Moving on, I noted that the IP market is particularly up, according to the report.
Rhines responded, “Be careful to note the difference between reporting and non-reporting SIP companies. It turns out the non-reporting companies have had terrific growth, whereas the reporting companies have had somewhat of a decline. Synopsys actually does report their SIP numbers, so that data is included, but ARM doesn’t report their numbers, or RAMBUS for instance.
“Although ARM is a member of EDAC and does report on some things, they do not report on their major business, so they are the principal non-reporting SIP company. Since the company publishes its revenue, however, we have the information and there is strong growth there. Nonetheless, I wouldn’t highlight IP revenue [as the most significant] in the MSS report. I would highlight physical design and services.”
“In addition, you can’t look at just one segment, because within any given quarter things fluctuate a lot. To just look at a particular quarter can be misleading. In fact, in Q3_2013, the reporting companies have actually been relatively flat.”
“If the MSS report went away,” I asked, “would it affect the arc of history in the industry?”
Rhines said, “The big companies could spend resources on [figuring things out] and Gary Smith does report out once a year, but his data is usually released 9 months after the data is [made available], whereas EDAC’s numbers are only a little more than a quarter after the fact.
“So there would be a loss without the EDAC report, and it would be heaviest on the small companies. But it would also be a loss for the bigger companies. Without the report, the world would then revert solely to Gary’s numbers. ”
“What you do personally get out of being involved in this quarterly effort to publicize the MSS report?” I asked.
Rhines was sure-footed in answering, “This is an obligation we all have for the good of the industry. You might also ask why am I on the board of SRC, the Semiconductor Research Corporation, which administers $40 million to universities. We all have to hire students [into the industry], so we need to be sure their curriculum is relevant to the kind of the people we need.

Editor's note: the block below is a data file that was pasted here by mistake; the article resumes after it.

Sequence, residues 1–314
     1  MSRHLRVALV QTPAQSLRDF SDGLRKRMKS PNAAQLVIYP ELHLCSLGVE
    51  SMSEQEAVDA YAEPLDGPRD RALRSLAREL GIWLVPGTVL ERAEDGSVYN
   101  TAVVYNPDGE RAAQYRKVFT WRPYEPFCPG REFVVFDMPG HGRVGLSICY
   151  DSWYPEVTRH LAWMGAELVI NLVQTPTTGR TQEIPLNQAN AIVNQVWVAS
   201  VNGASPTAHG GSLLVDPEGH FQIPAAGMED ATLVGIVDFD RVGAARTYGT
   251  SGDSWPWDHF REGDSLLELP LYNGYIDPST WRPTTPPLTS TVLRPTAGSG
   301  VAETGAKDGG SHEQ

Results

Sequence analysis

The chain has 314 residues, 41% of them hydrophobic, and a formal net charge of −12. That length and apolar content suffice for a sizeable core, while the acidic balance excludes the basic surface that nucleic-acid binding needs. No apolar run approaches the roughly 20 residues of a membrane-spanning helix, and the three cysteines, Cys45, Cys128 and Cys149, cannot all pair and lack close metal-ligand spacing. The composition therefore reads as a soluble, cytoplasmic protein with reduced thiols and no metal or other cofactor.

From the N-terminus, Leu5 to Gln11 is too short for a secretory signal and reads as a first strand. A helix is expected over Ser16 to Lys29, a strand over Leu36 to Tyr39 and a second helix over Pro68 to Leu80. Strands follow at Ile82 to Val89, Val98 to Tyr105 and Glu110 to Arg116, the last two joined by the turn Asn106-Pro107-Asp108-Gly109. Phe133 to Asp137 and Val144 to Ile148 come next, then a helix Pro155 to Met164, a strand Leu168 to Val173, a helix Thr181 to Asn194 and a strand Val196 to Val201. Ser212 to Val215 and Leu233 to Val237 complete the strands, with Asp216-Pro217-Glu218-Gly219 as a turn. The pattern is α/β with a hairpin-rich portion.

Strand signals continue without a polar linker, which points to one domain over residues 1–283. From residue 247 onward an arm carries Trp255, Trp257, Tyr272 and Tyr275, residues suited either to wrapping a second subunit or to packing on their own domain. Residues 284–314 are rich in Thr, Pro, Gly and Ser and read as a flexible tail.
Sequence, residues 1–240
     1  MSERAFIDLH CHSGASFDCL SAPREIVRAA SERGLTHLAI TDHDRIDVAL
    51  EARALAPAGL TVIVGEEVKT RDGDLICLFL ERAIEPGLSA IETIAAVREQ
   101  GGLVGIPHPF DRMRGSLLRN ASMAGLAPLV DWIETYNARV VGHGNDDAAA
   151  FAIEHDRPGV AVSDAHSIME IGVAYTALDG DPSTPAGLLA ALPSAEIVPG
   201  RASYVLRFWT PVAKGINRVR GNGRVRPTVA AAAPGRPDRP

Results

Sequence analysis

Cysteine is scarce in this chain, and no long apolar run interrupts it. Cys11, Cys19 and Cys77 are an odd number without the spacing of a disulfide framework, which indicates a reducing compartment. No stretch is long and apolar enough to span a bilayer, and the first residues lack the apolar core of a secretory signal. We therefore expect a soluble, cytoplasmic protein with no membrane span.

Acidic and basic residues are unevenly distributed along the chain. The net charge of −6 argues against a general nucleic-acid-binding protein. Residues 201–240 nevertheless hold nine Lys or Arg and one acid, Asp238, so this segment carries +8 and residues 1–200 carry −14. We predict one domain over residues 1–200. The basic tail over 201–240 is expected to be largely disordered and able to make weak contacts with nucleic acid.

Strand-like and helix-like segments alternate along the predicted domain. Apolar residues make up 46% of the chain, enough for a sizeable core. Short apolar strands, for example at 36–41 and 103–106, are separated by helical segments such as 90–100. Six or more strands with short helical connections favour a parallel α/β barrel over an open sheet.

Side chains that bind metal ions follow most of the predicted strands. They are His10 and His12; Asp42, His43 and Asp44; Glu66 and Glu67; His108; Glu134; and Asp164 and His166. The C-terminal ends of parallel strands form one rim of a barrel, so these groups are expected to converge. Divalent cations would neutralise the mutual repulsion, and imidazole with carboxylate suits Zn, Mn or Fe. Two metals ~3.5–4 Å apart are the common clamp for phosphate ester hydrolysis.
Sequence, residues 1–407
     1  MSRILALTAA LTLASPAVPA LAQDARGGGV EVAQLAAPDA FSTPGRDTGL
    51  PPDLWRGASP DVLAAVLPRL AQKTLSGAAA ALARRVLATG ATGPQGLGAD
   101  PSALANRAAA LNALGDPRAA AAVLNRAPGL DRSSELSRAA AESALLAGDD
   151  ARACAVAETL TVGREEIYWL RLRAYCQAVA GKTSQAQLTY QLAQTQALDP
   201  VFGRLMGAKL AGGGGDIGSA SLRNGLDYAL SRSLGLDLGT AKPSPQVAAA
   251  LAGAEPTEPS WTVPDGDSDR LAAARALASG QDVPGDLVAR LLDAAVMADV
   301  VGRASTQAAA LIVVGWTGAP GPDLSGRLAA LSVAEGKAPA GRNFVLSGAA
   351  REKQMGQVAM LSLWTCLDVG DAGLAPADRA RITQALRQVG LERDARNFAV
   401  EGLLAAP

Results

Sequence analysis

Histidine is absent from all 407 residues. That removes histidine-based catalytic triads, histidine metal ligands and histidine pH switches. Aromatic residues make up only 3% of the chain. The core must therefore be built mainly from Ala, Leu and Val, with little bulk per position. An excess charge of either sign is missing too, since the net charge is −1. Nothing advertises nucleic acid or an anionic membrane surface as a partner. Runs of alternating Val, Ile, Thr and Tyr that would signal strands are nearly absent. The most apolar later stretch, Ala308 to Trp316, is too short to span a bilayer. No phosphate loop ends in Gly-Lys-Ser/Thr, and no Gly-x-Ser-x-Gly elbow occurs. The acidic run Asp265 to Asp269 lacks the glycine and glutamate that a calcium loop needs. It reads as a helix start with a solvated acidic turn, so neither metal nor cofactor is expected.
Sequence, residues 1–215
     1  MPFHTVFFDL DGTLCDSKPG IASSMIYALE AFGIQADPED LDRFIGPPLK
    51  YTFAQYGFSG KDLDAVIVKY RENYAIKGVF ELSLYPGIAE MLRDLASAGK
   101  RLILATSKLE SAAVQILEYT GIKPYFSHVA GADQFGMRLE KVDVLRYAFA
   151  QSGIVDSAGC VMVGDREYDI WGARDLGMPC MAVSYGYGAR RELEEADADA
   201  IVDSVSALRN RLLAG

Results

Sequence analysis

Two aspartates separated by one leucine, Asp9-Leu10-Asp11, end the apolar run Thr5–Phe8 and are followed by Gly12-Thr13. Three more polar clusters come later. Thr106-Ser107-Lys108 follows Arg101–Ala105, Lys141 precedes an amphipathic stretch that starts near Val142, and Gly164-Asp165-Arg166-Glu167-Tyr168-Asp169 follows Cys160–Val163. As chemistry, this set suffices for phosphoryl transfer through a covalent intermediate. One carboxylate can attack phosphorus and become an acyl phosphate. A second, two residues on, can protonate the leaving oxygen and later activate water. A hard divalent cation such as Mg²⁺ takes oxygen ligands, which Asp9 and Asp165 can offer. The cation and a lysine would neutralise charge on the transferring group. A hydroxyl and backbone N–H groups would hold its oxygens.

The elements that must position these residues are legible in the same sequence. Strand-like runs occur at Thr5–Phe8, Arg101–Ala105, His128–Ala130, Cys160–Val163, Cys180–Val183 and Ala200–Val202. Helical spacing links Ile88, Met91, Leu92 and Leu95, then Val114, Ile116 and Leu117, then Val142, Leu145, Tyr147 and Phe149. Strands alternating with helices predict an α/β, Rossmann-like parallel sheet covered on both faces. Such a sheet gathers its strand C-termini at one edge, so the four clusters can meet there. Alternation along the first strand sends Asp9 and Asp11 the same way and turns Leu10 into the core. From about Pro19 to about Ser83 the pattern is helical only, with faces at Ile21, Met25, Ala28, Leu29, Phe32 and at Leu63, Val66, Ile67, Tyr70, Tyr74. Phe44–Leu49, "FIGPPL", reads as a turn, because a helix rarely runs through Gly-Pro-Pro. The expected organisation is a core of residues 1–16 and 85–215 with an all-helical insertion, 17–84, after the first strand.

“Also, the EDA Consortium makes for a healthy EDA industry. Together we do things a single company can’t do, addressing the piracy issue for example. Acting as a group, we can do something about it. Everybody in our industry has some obligation to support these efforts.”
“Okay,” I said, “give me the three main take-aways from the latest MSS report.”
Rhines answered, “Overall, EDA continues at a good stable growth rate as a healthy industry, despite the ups and downs that occur among our customer based. You’ve got a troubled Japanese market right now, and also consolidation in the wireless chip industry, yet EDA seems to be producing steady growth.
“Six-to-eight percent growth, year over year, is a good number. Not unusually large, but reflects good stability, and there is growth in employment in the industry as well.
“And third, it appears that IC physical design continues to be a strong segment, that and services, both of which speak to physical design at the smaller process nodes.”
Rhines offered a fourth take-away, although it wasn’t specifically articulated: These are good times to be in EDA and IP, and don’t let anyone tell you otherwise.
Q3_2013 Revenue by Product Category …
* IC Physical Design & Verification revenue increased to $362.9 million, an 11.1 percent increase.
* Printed Circuit Board and Multi-‐Chip Module revenue of $152.5 million represents a decrease of 0.3 percent.
* Semiconductor Intellectual Property revenue totaled $476.9 million, a 12.7 percent increase.
* Services revenue was $93.5 million, an increase of 10.4 percent.